https://angusreid.org/cpc-leadership-charest-poilievre/

    The Hub:
    https://thehub.ca/2022-03-25/polling-shows-poilievre-has-the-edge-in-early-stages-of-conservative-leadership-campaign/


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    Sean says:

    I just hope they find enough money to keep studying that train stop in Peterborough which has been promised by 3 MPs, 2 MPPs, 3 Mayors and 3 train companies. If they keep shoveling all that money into consultations and meetings, just imagine how many great power point presentations will be produced.


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    Derek Pearce says:

    Deeply disappointed by the meh attitude the govt is showing re meeting our NATO committments. Wtf? If ever there was a time that Canadians would be ok with a major defence spending hike this is it.


  8. Notice: Undefined offset: 180 in /nfs/c05/h06/mnt/72829/domains/warrenkinsella.com/html/wp-content/themes/warroom/functions.php on line 314
    Steve T says:

    Yes, I find it somewhat pathetic that this is what passes for “fiscal restraint” with JT and Freeland. My God, what would a truly expensive budget have looked like then?


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    Phil in London says:

    Yup this is an out touch and away from reality budget.

    What can you expect from an out of touch leadership with no compass to guide them?

    Taxing the biggest and most widely held companies in Canada has an appeal but an unintended consequence as well, many of those companies profits convert to REAL dividends and are paid to mutual funds and individual accounts held by many a middle class voter, the government calls what they are collecting as a result a dividend it doesn’t even have the balls to call a tax.

    The new housing tax free account (insert 27 letter acronym here) will have huge uptake but confusing results. There is very little detail here yet but many a person saving for a home will need to choose between the new plan and the existing Home Buyer Plan (it’s vaguely noted in the budget). The credits for new home buyers are boutique tax credits something this gang opposed when the finance minister not only wore blue but bled blue.

    The shorter term housing costs I believe will actually continue while it takes years for the new housing funds to be established and syphoned off by political friends.

    Inflation is not the enemy of this administration, it is the saviour. Ask anyone with two minutes experience in economics and they will tell you inflating an economy is the easiest way to pay for past spending.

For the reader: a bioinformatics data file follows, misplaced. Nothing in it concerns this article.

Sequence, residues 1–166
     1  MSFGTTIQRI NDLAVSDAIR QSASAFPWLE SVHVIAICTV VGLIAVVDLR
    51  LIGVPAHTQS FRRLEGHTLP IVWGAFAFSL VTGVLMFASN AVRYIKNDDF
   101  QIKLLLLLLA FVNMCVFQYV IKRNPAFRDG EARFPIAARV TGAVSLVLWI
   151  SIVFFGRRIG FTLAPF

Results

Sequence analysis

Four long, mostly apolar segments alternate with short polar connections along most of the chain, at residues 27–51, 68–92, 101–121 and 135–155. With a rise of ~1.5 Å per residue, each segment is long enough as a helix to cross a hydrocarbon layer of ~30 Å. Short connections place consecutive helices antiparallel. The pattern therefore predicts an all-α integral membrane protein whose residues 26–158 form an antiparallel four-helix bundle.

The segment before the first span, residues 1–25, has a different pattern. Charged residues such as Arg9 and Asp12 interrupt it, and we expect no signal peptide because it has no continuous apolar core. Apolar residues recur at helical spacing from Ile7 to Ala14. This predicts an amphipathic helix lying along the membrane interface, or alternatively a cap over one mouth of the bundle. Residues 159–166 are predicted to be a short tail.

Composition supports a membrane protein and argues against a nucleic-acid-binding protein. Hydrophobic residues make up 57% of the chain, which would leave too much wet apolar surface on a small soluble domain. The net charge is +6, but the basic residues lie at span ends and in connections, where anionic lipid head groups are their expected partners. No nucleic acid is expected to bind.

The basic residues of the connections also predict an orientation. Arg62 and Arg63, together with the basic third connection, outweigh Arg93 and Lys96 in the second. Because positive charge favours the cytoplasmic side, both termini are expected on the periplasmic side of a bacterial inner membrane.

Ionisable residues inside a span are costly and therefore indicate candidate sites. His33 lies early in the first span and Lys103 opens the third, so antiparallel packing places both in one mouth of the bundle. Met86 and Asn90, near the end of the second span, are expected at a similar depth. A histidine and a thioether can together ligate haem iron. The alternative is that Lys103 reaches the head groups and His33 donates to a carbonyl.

(Remember the longstanding joke – ask any question of a group of 10 economists and you are likely to get 11 opinions Well to this question “is inflation the easiest way to pay for past spending and you may not get 2 different answers).

    Those within the few city blocks surrounded by reality KNOW that few of us understand that economic reality.

    Covid – the country is burning or it is not burning
    War – the world is burning or it is not burning
    Inflation – the economy is burning or it is not burning

    In a related story, emperor Nero has had a quick glance in the mirror and decided it was time to order more violins for him to play while he remains in Ottawa.


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      Doug says:

      Inflation only pays for past spending if new spending grows at a slower rate. Clearly, that isn’t happening


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      Doug says:

      The bank and insurance tax will accomplish nothing as financial services is a protected industry in Canada. The oligopolies will pass on the increase taxes in the form of increased fees.


  10. Notice: Undefined offset: 180 in /nfs/c05/h06/mnt/72829/domains/warrenkinsella.com/html/wp-content/themes/warroom/functions.php on line 314
    Pedant says:

    More theft from people who pay taxes to people who mostly do not:
    – free dental care capped at $90K income; because a family earning $90K in Vancouver (average home price $1.5 million or something) is so rich
    – Internet subsidies to low income people who already get every other aspect of their lives subsidized in Canada’s nanny state

    Really no reason to be an ambitious worker or entrepreneur in Canada when the rewards for it are stolen and handed to people who don’t contribute. This is not a social safety net. It is using the middle class as cows to be milked endlessly.